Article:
It is a hopeless and helpless feeling to have a loved one who is struggling with addiction. Sometimes a person with a substance abuse issue will respond to the pleas from family to get help or may even be motivated by other circumstances.
Unfortunately, addiction is such a subtle and baffling disease that it takes the lives of too many before they reach that point. Family members who are unsure where to turn or how to get through to their addicted loved one may benefit from hiring a professional interventionist.
See Related: Family Roles in Addiction
What is the Role of an Interventionist?
Anyone can learn about addiction and its consequences with a simple online search, but dealing with someone who is addicted to drugs or alcohol is an entirely different matter. This is where having someone with training and expertise in your corner can make the difference between convincing loved ones to get the help they need and driving them further away.
Interventionists are specially-trained mental health professionals that will help you orchestrate a meeting with your loved one. The purpose of an intervention is to help you clearly communicate both the consequences of the addictive behavior and your desire for the addict to seek treatment.
4 Benefits of Using a Florida Interventionist
There are many misconceptions about interventions, thanks in large part to reality TV shows such as A&E’s “Intervention.” In truth, most interventions lack the drama seen on these shows and are handled from a place of caring and concern. Just four benefits of using the services of a Florida interventionist include:
- Training and experience. You receive the services of a highly-trained professional who has experience in handling objections. If the addict cries, they have a response. If they threaten, there is another response. There is probably no scenario that they have not encountered before, so you can rely on their training and experience during this stressful period.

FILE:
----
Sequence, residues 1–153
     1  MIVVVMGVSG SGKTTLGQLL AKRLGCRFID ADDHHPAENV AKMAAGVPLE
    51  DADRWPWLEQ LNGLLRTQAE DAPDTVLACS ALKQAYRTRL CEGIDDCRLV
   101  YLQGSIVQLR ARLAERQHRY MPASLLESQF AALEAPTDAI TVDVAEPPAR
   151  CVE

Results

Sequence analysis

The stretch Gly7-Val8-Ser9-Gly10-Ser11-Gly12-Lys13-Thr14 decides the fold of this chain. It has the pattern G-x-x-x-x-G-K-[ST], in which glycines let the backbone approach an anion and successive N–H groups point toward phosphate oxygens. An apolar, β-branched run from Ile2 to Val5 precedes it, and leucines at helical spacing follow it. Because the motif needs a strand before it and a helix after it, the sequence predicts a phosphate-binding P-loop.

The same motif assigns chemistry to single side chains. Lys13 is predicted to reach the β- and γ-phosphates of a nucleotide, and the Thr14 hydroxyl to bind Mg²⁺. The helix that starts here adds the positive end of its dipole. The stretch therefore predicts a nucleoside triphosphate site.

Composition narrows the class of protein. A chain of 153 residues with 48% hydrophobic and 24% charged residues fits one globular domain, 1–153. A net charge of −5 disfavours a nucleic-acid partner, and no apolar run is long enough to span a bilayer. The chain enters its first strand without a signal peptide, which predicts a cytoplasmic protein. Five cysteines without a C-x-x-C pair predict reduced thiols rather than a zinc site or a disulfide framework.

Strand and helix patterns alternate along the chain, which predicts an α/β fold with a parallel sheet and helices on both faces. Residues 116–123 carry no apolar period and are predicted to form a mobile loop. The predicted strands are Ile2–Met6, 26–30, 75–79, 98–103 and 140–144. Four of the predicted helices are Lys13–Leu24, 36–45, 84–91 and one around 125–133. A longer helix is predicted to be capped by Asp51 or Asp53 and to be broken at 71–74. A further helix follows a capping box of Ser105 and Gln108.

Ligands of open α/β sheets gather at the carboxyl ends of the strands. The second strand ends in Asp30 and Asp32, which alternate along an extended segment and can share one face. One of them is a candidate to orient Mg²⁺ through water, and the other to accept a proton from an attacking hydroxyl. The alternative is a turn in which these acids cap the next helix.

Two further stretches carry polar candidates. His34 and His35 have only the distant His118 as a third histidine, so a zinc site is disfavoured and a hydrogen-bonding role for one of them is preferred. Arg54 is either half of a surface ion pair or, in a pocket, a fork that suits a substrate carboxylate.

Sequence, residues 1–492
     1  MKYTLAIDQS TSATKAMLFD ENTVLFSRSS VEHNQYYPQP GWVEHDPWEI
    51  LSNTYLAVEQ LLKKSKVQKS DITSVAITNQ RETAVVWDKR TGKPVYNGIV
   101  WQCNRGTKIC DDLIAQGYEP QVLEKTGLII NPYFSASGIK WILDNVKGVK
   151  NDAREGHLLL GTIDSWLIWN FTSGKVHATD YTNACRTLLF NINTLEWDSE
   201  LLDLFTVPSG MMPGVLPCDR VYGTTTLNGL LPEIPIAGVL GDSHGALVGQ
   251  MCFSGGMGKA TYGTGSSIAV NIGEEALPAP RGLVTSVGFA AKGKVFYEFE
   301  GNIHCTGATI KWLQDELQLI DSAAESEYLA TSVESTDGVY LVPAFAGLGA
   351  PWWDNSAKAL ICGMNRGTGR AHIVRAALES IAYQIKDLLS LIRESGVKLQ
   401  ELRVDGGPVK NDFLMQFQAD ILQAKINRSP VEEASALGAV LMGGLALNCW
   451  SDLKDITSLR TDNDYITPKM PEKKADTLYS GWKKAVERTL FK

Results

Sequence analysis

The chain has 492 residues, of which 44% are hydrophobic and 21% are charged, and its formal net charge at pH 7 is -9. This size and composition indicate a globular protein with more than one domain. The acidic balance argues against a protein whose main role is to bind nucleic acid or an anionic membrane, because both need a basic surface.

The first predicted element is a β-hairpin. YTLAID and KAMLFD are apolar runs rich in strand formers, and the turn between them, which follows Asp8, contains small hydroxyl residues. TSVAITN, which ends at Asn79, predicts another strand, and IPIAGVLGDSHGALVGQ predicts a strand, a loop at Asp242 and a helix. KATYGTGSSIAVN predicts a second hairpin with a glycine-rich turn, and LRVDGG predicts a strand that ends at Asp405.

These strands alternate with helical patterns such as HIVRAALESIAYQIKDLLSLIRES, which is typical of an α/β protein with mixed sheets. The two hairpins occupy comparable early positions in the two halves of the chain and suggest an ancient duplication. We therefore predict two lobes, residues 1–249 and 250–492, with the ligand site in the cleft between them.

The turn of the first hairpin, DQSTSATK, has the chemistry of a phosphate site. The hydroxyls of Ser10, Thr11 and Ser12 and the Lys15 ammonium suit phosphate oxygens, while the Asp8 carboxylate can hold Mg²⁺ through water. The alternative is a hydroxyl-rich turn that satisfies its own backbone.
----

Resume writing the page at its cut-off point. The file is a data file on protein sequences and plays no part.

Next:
- Family support. The interventionist is also there to support you and provide you with some additional education about addiction, what the addict is going through, and the next steps in the recovery process.
- Connections. The goal is having your loved one agree to attend detox and treatment. If you have not done so already, an interventionist can provide you with valuable Florida drug rehab connections.
- Avoiding missteps. Family and friends mean well and want to help in the best way they know how. Sometimes this is called “enabling.” An interventionist not only knows what to say to an addict but also some things to avoid which could prolong the situation or make it worse.
Use an Interventionist to Help a Loved Attend a Florida Drug Rehab
According to the National Survey on Drug Use and Health, more than 22 million Americans have a substance use disorder requiring treatment, but just 11 percent actually seek help. This is where an intervention makes the most sense. When families and friends become involved and motivate an addict to change his or her behavior, that percentage who seek help can increase.
If you have a loved one who has been resistant to offers of help or are unsure how to effectively broach the subject, hiring the services of a trained interventionist is likely the best choice. A formal intervention can break down the barriers to treatment so that you can immediately enlist the services of a reputable Florida drug rehab. Contact the Orlando Recovery Center now to speak with one of our addiction specialists about our comprehensive substance abuse treatment programs.
The Recovery Village aims to improve the quality of life for people struggling with a substance use or mental health disorder with fact-based content about the nature of behavioral health conditions, treatment options and their related outcomes. We publish material that is researched, cited, edited and reviewed by licensed medical professionals. The information we provide is not intended to be a substitute for professional medical advice, diagnosis or treatment. It should not be used in place of the advice of your physician or other qualified healthcare provider.